The reluctance to be treated stems from the country's history of medical mistreatment in communities of color, including the federal government's reputation of testing African Americans without consent. Examples include the Tuskegee Experiment and Henrietta Lacks.
NOTE: This is second of a two-part series on concerns about the COVID-19 vaccine in Black communities. Click here to read the first installment.
Pierre White keeps those stories in the back of his mind when thinking about the COVID-19 vaccines.
"If you look at the past, it's like, why are we continuing to fall guinea pig for the system?" White said.
White shares the same concerns held by many people of color. He says he's researched the vaccine but remains doubtful about the ingredients, the side effects and just how fast the vaccines received approval from the federal government.
WCNC Charlotte’s Billie Jean Shaw took those concerns to Dr. Jane Kelly, the assistant epidemiologist for the state of South Carolina.
“There is no live virus, there are no human parts in this vaccine,” said Kelly, explaining COVID-19 vaccines are not like other vaccines. “There are four basic components. One is Messenger RNA.”
According to Kelly, Messenger RNA "is just the gene for one protein that sticks out of the surface of that virus." She said the vaccine works by blocking that one protein. The idea being if you keep that protein from attaching to the cell, that will block the virus from getting inside. At that point, Kelly says a person will be immune from the disease.
Kelly said the other ingredients in the vaccine are sugar, salt (including table salt) and oil. Those three ingredients coat the Messenger RNA, helping it to stick together. Kelly says the oil is what usually causes the side effect of tenderness in a person's arm at the injection site.
In extreme cases, she says 30 out of the 10 million people vaccinated in the US, experienced a severe allergic reaction to the COVID-19 vaccines..
“Their blood pressure dropped, or they felt dizzy and they needed to be given a shot of elaphrine or amphetamine," Kelly said.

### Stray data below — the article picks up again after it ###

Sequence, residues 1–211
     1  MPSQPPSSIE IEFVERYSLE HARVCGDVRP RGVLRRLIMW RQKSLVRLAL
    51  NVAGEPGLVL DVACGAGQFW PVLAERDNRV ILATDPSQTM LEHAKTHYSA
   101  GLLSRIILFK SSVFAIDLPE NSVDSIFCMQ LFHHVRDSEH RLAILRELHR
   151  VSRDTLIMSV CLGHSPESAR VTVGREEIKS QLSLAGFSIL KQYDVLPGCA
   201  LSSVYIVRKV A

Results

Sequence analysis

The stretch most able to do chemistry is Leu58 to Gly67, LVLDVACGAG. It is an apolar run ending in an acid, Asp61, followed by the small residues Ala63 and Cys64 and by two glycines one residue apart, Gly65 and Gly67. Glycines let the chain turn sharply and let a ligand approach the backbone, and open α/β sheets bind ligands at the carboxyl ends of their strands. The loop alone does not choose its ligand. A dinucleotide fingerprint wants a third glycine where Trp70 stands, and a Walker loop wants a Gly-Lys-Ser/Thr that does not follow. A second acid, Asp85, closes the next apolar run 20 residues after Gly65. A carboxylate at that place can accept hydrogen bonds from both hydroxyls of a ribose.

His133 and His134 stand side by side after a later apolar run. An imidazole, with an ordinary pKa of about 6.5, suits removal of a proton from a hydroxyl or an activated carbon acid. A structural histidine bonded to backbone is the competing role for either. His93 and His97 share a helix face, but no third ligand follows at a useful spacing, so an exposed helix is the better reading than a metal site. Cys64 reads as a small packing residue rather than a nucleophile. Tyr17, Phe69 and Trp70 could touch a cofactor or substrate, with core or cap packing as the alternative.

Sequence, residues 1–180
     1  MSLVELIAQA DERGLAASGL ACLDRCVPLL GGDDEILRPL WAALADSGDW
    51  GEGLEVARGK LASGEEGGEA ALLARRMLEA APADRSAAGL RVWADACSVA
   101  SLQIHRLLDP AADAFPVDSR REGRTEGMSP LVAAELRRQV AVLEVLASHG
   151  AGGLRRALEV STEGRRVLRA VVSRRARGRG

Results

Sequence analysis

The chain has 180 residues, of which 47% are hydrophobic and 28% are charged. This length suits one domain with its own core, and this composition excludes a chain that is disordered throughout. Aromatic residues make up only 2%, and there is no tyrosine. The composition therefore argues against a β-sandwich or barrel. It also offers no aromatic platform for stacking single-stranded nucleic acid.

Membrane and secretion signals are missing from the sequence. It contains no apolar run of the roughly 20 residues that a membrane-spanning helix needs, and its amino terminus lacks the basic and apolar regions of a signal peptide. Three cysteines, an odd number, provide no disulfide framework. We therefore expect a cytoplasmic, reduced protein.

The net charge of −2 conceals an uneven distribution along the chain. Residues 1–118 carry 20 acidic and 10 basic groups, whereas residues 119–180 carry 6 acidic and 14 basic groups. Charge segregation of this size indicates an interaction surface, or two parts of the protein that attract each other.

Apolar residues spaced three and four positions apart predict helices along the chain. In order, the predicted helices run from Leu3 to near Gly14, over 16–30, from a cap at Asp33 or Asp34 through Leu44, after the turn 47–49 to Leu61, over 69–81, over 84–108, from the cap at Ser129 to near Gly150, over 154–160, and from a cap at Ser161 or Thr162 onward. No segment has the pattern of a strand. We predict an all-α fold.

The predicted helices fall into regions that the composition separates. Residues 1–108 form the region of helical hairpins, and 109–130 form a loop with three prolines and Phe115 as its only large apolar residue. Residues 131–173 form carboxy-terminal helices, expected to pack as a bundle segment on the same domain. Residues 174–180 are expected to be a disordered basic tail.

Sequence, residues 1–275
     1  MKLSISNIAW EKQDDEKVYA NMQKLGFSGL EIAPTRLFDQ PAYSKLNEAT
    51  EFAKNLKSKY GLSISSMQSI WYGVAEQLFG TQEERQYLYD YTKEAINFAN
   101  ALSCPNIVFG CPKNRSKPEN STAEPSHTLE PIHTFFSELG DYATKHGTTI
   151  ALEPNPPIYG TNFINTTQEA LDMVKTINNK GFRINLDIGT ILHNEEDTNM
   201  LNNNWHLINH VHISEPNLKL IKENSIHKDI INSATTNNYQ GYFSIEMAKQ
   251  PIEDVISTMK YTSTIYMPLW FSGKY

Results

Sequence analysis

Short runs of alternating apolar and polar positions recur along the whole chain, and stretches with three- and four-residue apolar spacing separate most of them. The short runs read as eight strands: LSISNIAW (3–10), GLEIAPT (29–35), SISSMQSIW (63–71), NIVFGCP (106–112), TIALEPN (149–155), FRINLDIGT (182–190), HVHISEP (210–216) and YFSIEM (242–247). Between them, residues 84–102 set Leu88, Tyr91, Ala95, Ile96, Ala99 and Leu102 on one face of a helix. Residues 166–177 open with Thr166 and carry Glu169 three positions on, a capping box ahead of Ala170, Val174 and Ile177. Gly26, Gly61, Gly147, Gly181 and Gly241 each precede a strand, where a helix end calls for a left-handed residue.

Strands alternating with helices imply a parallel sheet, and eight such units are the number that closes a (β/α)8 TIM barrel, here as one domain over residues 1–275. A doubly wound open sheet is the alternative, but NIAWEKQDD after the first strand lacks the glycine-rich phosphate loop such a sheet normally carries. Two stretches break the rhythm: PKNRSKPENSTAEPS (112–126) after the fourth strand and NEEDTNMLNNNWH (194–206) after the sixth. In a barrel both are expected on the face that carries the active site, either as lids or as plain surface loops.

Long-term side effects could happen but Kelly said there's not enough research to know what could happen as the vaccine has been administered over the last few months.
"Is something going to come up that may be a rare side effect?" That's always possible," Kelly said.
As far as the process of approving the vaccine, Kelly says the common misconception is that the vaccine was created in a year but says actually more than a decade of research has gone into the vaccine.
COVID-19 is a form of the respiratory disease SARS. SARS is a form of coronavirus and caused a global pandemic back in the early 2000s.
In 2003, scientists began working on a vaccine for SARS. Kelly says coincidentally the research collected 17 years ago gave scientists a head start on the research needed for today’s Pfizer and Moderna COVID-19 vaccines.
Money also played a role in the speedy development.
"What's different this time is that the federal government and other international governments invested in the vaccine development," Kelly said.
The money was used to recruit people to test the vaccines, one of the most expensive parts of the approval process. Kelly said more than 30,000 people were recruited for the studies.
"What would normally take a few years to recruit 30,000 people only took two months," Kelly said.
Kelly also understands why communities of color may be hesitant to get vaccinated, but encouraged everyone to study the facts and make informed decisions.
“I want to acknowledge African-American communities have every right to be vaccine hesitant,” said Kelly. “Skepticism is a good thing, and to not make a decision, makes a decision for you and you can continue to be exposed to COVID-19.”